Barbidoesmiami

How to Stay Sane in the City of No Shame


1 Comment

Is it Me?

Stupid Model illustrations_

I’ve been a bit blue.

And I haven’t been very nice.

The agent of our house texted me this – you aren’t being very nice – after I asked him whether he leaves his car running in his driveway overnight. He had just told me that the AC is like my car and if I don’t keep it running all the time it breaks. (The AC had broken.)

Then a friend asked in an e-mail if I was OK, because I wasn’t usually like this. This was after I got upset that a book launch party for the latest book I’d created had been planned when I’m elsewhere (she’d also described me to the party planner as “the … wife”).  I answered that, yes, I am usually like this – Barbara de Vries, the designer and producer, who would like to attend the book’s party. She wrote back that she didn’t need my resume. Then she asked me if I was OK.

There were two other friends in the last month who didn’t like my reaction to, what I perceived as, their unsupportive behavior.

When it adds up to four in four weeks, that’s one a week, maybe I need to take a look at myself. Maybe I’m really not usually like this. Maybe I’m usually like whatever. Like happy. Like smiling. Like loving. Maybe I’m becoming different from how I’m perceived or maybe I’m really not very nice. Maybe I have just been pretending that I’m nice. Maybe I just want to be liked, but in the end I’m not likable at all. And so it goes in my head. And thus I’m a bit blue.

 I think I’m blue because, by thinking all those thoughts, I’m not being supportive of myself. And then my Dutch Calvinist voice says, who gives a fuck what you think of yourself, stop being indulgent.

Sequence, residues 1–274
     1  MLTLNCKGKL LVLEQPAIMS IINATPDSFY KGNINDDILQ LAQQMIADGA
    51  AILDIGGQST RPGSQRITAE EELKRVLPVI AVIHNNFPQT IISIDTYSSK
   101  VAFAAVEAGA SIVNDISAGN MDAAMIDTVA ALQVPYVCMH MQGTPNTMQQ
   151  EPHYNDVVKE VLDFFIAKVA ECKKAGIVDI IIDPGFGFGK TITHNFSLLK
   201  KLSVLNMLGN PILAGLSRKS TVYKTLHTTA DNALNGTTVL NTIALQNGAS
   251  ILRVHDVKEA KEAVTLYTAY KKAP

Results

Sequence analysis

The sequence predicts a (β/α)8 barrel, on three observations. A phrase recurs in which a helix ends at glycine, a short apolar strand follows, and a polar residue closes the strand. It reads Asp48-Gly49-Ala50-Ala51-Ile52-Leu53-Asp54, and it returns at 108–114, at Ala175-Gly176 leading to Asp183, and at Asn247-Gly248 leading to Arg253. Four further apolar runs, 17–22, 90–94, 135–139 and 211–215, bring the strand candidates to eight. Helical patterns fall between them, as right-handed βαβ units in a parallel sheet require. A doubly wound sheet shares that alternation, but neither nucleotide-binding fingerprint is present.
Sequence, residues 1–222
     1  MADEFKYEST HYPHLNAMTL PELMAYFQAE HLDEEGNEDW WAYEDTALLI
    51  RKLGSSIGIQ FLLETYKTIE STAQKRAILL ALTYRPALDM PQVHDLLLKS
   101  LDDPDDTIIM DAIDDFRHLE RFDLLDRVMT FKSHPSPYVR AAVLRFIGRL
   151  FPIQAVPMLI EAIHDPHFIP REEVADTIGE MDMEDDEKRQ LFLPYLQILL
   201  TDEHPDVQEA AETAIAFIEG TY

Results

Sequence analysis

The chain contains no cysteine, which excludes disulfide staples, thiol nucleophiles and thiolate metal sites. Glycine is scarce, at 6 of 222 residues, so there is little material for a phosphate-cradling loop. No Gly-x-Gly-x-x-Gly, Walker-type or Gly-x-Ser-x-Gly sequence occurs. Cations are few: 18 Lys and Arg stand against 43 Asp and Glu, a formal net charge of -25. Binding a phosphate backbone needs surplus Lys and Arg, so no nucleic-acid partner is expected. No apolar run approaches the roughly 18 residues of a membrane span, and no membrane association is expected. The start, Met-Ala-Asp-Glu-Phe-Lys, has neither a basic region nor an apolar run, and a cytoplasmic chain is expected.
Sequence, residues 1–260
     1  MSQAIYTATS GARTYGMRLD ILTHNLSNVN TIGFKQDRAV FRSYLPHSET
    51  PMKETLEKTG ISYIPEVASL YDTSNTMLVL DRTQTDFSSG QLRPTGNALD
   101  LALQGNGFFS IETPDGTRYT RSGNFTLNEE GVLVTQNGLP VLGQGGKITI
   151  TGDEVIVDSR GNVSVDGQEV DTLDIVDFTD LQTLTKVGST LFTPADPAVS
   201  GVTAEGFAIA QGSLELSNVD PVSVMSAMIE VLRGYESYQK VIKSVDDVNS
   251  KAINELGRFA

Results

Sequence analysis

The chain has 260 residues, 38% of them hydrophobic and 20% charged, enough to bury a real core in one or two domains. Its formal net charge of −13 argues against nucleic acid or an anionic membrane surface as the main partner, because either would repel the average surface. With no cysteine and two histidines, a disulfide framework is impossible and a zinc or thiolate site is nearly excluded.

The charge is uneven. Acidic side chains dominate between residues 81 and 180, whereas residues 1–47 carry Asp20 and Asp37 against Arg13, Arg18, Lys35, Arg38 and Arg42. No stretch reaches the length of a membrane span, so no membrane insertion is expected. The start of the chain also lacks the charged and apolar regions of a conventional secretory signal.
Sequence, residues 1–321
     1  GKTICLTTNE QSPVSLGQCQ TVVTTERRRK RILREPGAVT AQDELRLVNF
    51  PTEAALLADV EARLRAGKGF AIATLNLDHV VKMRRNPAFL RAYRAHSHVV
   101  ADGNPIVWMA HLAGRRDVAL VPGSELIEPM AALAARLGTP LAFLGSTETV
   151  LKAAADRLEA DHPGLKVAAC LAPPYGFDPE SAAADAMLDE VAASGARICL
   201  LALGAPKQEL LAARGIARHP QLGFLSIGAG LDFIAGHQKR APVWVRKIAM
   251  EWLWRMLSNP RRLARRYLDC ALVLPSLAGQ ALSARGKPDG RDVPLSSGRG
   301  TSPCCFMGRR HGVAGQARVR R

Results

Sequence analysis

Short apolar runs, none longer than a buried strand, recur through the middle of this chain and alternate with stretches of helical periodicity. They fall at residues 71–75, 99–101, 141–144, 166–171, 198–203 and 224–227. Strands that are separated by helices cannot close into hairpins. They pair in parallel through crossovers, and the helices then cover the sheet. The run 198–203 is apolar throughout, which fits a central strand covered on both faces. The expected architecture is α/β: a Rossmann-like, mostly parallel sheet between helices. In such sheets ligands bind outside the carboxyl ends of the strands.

I’m gonna ignore him for a minute. Because I’m on to something. As a mother and a wife and a partner in our studio, I expect from myself that I’m 100% supportive in all those roles. I support my daughters and my husband emotionally, physically and nutrionally. I support the company creatively and intellectually. I expect from myself that I can solve everyone’s problems as well as make the oceans free from plastic pollution.

But I’ve forgotten about leaving just a tiny bit of support for myself. And maybe thats where it all starts. But what does this support look like? There are women who go shopping, have their hair and nails done, have massages and meditate as part of their inner support system. I actually get irritable doing these things. Some take vacations or go running. I like swimming, but not really yoga, although I should do it. It would be very supportive if I could get into yoga and also self -hypnotizing. Like just an hour a day. I love being with a bestie girlfriend, talking women’s stuff, hanging in the knowledge that I’m not so unique in trying to do it all and getting pissy in the process. Sometimes we bitch about the women in our lives who are not supportive of other women. Even the press picked up on that concept after Hillary lost.

 “It’s all because white women do not support each other.”

 I can go there…

 But maybe I should support myself first.

 Maybe we should all support ourselves first.

 And we’d all be a bit nicer…

… to each other.

Stupid Model illustrations 2_0021 copy

Here is an excerpt from Stupid Model when at age 17, I first came across a misconception and the surprise of the unsupportive female:

Stupid Model illustrations 2_0046 copy

STUPID MODEL – Chapter 18

He led me to a softly lit room that smelled of baby powder, diapers, and milk. The windows were open and gauze curtains blew gently in the warm evening air. The drone of steady traffic drifted up from the boulevard below. Collin’s wife sat on a narrow bed next to a sleeping boy. She held out her hand and whispered, “I’m Heather, how do you do? Collin told me so much about you.”